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Cadence Design Systems, Inc., of San Jose, California, has agreed to settle Federal Trade Commission charges that its $400 million acquisition of Cooper & Chyan Technology, Inc. would substantially reduce competition for key software used to automate the design of integrated circuits, or "microchips."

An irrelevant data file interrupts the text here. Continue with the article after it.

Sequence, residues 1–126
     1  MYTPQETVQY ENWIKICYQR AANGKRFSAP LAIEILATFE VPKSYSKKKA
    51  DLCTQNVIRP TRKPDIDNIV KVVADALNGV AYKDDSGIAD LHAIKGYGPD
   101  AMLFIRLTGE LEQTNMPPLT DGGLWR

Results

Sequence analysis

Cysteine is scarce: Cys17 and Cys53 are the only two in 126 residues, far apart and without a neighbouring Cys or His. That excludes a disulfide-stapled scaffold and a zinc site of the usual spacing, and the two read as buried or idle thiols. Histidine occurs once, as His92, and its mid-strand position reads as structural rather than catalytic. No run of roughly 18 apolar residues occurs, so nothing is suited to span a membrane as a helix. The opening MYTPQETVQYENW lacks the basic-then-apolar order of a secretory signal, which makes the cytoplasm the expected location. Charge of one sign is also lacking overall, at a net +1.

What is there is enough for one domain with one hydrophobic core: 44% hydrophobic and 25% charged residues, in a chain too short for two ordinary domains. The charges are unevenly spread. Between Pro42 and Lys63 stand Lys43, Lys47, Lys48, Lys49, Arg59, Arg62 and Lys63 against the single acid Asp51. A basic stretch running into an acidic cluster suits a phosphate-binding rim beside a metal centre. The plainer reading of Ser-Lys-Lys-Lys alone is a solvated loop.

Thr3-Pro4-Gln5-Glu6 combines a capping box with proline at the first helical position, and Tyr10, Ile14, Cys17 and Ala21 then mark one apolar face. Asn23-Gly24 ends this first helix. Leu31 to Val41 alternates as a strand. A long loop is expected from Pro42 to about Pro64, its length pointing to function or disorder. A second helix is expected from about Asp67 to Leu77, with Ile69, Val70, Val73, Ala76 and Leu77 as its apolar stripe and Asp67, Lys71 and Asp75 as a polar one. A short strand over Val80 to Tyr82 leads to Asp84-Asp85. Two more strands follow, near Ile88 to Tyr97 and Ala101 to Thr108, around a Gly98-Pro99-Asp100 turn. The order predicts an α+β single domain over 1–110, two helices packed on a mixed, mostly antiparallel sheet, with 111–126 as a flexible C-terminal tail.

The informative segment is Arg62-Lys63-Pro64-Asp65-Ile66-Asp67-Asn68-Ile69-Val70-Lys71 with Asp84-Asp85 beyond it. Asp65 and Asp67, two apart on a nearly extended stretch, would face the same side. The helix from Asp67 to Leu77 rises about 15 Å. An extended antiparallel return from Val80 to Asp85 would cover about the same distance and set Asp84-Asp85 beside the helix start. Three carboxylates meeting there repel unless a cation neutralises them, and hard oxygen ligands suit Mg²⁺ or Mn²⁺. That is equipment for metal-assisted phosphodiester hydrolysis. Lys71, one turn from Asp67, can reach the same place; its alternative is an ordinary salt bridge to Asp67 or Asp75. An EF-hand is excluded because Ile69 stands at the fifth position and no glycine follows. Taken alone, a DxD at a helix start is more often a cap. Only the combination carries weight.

The software -- known as "routing" software -- is used to map out, or route, the connections that must be made between the millions of miniature electronic components within a microchip. According to the FTC, Cadence is the leading supplier of microchip layout environments, and Cooper & Chyan is the only firm with a commercially viable constraint- driven, shape-based router, which is used to automate the solution of unique engineering problems associated with the increasingly smaller scale of cutting-edge microchip design. Routing tools are used in conjunction with other microchip design tools through a software infrastructure known as a layout environment. Chip designers are more likely to purchase a routing tool with an interface to a layout environment for which a full set of compatible design tools is available, the FTC said. The merger would reduce the incentives of Cadence to permit competing suppliers of routing tools to obtain access to Cadence's layout environments, the FTC alleged. Therefore, routing tool developers will find it more difficult to enter the routing tool market successfully, or they will have to enter simultaneously at the router and the layout environment levels. The result would be less innovation, higher prices and reduced services, the FTC charged.